Unfortunately, there is a perception that GPO and midwifery care is competitive rather than complementary. In some instances, midwives may take over antenatal care to the exclusion of GPOs and liaise directly with their specialist obstetric colleagues when support is required. This results in a loss of access to holistic, integrated and continuity of care that GPOs can provide to women in collaboration with midwives.
Competition with specialist obstetric colleagues
Again, it is unfortunate that GPOs and specialists sometimes see one another as rivals rather than part of the same team. Some specialist obstetricians have concerns regarding standards of GPO practice, which leads to an unwillingness to back up their GPO colleagues. Further, some GPOs are hesitant to refer moderate-risk women to their specialist colleagues due to concerns that this may result in care being taken over unnecessarily, resulting in late requests for support that can compromise patient care. Mutual distrust is a significant barrier to providing woman-centred care.
In order to be sustainable, GPO models of care must be financially viable. This is becoming increasingly difficult due to the competition that is arising between midwifery and specialist colleagues. On-call arrangements and salary versus fee-for-service models add complexity.
Many GPOs are now seeking positive work-life balance, which can be a challenge when juggling regular on-call services, family demands and their partner’s career. This can be compounded by lack of flexibility of maternity units to accommodate GPO’s unique needs.
High community expectation and litigation in obstetrics
Communities have expectations for obstetric care to be of a very high standard. When adverse obstetric outcomes occur, litigation is becoming more common. This is on a background of increased obstetric risk associated with higher rates of older women, obesity and assisted fertility (to name a few).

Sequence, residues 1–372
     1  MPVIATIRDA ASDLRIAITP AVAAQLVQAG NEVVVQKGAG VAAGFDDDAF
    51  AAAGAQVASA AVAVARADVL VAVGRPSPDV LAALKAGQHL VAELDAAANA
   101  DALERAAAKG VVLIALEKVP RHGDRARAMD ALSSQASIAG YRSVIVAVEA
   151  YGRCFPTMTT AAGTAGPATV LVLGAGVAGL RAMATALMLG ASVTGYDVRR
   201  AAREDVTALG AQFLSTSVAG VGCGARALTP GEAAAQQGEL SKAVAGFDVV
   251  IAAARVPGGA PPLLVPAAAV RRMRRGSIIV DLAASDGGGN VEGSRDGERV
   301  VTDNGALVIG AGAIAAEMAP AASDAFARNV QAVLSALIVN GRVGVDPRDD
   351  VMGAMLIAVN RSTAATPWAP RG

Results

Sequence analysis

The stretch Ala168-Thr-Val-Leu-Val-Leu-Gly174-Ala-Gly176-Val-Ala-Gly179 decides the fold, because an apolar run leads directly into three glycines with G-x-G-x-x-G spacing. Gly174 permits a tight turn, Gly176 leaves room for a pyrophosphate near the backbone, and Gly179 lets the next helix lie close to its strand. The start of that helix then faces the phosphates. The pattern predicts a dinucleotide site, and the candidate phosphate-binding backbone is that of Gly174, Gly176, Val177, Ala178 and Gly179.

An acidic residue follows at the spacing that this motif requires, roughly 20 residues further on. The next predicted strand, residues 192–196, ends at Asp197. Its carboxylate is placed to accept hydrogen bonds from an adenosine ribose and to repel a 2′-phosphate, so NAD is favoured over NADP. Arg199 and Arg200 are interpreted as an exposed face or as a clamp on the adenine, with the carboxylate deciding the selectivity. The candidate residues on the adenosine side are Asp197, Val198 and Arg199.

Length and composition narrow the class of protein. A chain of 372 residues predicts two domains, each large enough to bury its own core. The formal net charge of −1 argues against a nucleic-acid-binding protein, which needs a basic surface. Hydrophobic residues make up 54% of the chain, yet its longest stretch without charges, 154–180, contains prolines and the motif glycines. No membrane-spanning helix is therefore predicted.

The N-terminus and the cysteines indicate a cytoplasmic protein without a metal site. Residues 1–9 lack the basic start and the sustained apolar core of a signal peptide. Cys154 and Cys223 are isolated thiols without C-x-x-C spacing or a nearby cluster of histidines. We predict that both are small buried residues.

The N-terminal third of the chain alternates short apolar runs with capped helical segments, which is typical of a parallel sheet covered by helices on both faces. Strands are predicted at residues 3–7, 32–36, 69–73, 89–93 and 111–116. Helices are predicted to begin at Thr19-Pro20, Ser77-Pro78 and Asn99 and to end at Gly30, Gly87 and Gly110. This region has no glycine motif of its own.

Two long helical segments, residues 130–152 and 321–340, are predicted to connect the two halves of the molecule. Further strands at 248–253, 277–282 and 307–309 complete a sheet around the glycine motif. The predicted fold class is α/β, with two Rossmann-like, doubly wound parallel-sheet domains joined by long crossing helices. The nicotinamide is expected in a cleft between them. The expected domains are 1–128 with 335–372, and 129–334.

Fitting DRANZCOG training into GP training
GP registrars are required to demonstrate that they have performed sufficient diversity of skills during their training. GP registrars who complete their DRANZCOG training prior to commencing their GP training are under pressure to maintain their obstetrics skills while also acquiring new clinical skills during their GP training. This can be difficult to achieve and may lead to obstetric de-skilling.
Concerns regarding experience when newly qualified
With increasing competition for practical experience during hospital training, many newly graduated diplomates do not feel competent or confident to work autonomously as a GPO, particularly in rural towns with limited back up.
Feminisation of workforce and lack of re-skilling mechanisms
Rural Health West data indicates that the number of female GPOs is on the rise (Figure 1). Many newly qualified female GPOs take time off for their own maternity leave then need to regain confidence and skills when returning to clinical practice. Access to financially viable and family-friendly options for re-skilling are limited and can be a major barrier to GPOs returning to the workforce after a period of leave.
GPOs are increasingly scrutinised with regards to recency and frequency of experience in obstetrics skills when applying for hospital credentialing. These skills can be difficult to maintain in maternity units with smaller birth numbers and access to upskilling is limited.
The case for GPOs with basic and advanced DRANZCOG
There is a perception in some jurisdictions that all GPOs need to have advanced skills in order to provide the services required in regional and rural maternity units. We argue that there is also a place for basic diplomates for a number of important reasons. In small rural units, where rosters require GPOs to be on-call frequently, basic diplomates can be first on-call for non-complex obstetrics, allowing advanced diplomates to be second on-call for complex deliveries, which are less common. Further to this, basic diplomates can provide neonatal resuscitation in the event of complex deliveries. Finally, having a balance of basic and advanced diplomates ensures exposure to complex deliveries is not diluted and advanced diplomates have the opportunity to maintain these important skills.